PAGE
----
From Bangladesh to Joe Fresh is not a long way these days

Joe fresh
CC BY 2.0 Lloyd Alter/ Wikipedia

Joe freshLloyd Alter/ Wikipedia/CC BY 2.0

The Joe Fresh store on Fifth Avenue in New York is absolutely beautiful, a repurposing of a classic SOM bank building. It's full of nice stuff that is flying out the door, some of which was made in Savar, Bangladesh, in a building that collapsed last week, killing over 300 workers. Doug Saunders of the Globe and Mail wonders:

If you’re wearing Joe Fresh, do you have hundreds of deaths on your hands? Are our clothing bargains creating poverty, misery and death in poor countries? Would the world be better off if we didn’t buy clothes made in Bangladesh?

Saunders thinks that in general, globalism has been good for people at both ends of the supply chain.

The garment boom has helped reduce poverty in the West (by reducing clothing costs) and in the East (by providing wages far higher than subsistence farming or casual labour). The next step is to remain connected, and to demand the sort of workplace standards that should be universal.

Stephanie Nolen agrees, noting how good the garment factories have been for the Bangladeshis:

They account for 75 per cent of Bangladesh’s exports. And Bangladesh is making massive inroads against poverty. It started from the nadir, so it still has low literacy, poor health indicators, high corruption. But maternal mortality has been cut in half in a decade. Ninety-five per cent of kids get their vaccinations.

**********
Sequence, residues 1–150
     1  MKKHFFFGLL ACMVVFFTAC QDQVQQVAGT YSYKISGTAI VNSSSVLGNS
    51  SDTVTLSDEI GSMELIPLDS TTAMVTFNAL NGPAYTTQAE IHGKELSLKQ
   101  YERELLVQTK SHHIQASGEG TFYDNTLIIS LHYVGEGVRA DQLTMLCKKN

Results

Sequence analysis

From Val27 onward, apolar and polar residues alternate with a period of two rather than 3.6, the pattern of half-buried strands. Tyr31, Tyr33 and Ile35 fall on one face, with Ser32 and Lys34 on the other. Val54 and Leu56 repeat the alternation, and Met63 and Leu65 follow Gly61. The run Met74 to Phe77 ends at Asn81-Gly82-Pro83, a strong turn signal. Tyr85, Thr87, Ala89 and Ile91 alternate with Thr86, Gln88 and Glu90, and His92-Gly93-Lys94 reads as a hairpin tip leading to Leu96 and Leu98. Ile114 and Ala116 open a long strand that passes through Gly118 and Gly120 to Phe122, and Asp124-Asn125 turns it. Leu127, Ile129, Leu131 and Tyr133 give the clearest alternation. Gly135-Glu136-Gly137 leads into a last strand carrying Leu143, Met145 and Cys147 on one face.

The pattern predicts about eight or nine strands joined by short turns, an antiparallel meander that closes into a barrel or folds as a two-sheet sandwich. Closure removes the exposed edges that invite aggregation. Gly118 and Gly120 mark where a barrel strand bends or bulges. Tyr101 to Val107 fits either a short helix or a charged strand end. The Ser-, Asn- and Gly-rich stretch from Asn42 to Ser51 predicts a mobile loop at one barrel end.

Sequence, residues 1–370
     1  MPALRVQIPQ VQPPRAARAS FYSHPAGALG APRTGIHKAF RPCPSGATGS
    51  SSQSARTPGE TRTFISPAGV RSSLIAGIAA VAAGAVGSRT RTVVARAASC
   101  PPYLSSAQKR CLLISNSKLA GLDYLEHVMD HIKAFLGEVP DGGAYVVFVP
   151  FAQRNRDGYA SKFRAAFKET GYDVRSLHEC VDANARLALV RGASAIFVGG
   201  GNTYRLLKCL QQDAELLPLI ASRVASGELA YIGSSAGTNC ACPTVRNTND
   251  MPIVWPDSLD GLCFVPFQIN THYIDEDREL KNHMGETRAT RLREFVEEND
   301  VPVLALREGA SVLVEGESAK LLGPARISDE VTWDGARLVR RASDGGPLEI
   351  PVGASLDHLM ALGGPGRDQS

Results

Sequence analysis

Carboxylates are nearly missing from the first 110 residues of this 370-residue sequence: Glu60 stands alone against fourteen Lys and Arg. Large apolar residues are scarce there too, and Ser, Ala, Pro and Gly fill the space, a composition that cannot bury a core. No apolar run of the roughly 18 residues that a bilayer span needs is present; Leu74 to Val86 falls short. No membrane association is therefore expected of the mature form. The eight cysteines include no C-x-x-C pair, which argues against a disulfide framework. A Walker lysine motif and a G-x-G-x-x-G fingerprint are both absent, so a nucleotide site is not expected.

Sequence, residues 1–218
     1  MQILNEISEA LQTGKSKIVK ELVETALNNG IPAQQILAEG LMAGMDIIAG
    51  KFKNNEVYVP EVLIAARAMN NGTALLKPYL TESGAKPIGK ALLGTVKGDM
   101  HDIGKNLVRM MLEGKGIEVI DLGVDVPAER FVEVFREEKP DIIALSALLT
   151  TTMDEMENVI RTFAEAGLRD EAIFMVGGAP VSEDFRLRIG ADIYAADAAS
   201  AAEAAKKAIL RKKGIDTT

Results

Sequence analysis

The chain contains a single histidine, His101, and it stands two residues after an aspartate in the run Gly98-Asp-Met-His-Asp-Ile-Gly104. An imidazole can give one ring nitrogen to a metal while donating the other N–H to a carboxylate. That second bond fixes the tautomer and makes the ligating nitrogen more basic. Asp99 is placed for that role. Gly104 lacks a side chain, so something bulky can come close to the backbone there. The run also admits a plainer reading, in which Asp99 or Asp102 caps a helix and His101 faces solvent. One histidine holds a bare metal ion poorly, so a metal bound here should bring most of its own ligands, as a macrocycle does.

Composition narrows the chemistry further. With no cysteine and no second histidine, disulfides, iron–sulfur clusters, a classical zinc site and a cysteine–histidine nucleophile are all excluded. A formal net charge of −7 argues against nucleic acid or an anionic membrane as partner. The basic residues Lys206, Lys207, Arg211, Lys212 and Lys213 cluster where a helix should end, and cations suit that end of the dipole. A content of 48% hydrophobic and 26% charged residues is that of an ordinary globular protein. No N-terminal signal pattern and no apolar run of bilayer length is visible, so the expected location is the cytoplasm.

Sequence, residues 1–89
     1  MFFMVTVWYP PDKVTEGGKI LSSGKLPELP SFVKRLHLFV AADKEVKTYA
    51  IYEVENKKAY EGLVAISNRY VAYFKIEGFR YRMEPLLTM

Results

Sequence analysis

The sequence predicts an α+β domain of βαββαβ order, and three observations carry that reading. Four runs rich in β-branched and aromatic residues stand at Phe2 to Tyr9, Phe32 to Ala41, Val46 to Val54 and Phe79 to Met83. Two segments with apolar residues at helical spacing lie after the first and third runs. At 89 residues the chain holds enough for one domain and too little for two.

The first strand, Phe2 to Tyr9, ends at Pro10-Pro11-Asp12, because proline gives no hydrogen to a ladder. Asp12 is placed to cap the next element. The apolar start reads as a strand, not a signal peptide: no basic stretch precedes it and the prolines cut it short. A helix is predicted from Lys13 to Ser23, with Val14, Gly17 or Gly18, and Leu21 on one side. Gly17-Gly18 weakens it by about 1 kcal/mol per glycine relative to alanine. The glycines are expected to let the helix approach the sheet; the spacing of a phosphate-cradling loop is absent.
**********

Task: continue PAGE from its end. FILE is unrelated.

Perhaps. But there are a lot of good reasons for people not to buy cheap, almost disposable clothing. Jasmin wrote about it a few years ago, and it is worth republishing her explanation of why local eco-fashion is so much better:

1. Time and effort is money It may seem counterintuitive that sustainable crops such as organic cotton, free from the trappings of GMO, chemical pesticides, and synthetic fertilizers, would actually cost more to grow, but the truth of the matter is that these toxic shortcuts are precisely what enables farmers to keep their costs down. Harvesting organic cotton is also more labor intensive because it's done without the use of chemical defoliation aids.

2. Fair is fair A point of pride for many American eco labels is that their goods are manufactured locally in the United States, or at least fairly in an overseas facility that doles out what constitutes a living wage for its workers. Most companies, especially those without the supply-chain muscle of big-box stores, would be hard-pressed to price their garb inexpensively without resorting to grossly underpaid minions in a factory in Bangladesh. It's unrealistic to expect something to be cheap, equitable, and well-made--something's gotta give. If you pick up an unbelievable steal, you can bet your bottom dollar that someone down--way down--the line is paying for those savings. And it's not Mister CEO in the fancy pinstripe suit and the corner office.

3. Don't pick on the little guy It's all about economies of scale. While the organic market continues to grow and thrive, it's still a small slice of the overall consumer-spending pie. Inventory-wise, the volume of goods produced is also infinitesimally smaller compared to what mass-market manufacturers churn out on a daily basis, which makes everything from marketing to shipping less cost-effective. On the plus side, sustainable products tend to be better crafted, which makes for longer life spans than the majority of disposable clothing and accessories you can get on the cheap at artificially depressed prices (see sweatshop labor, industry clout, etc.)

There is a high price to be paid for cheap stuff.

From Bangladesh to Joe Fresh is not a long way these days
Once again we see the high price of cheap.

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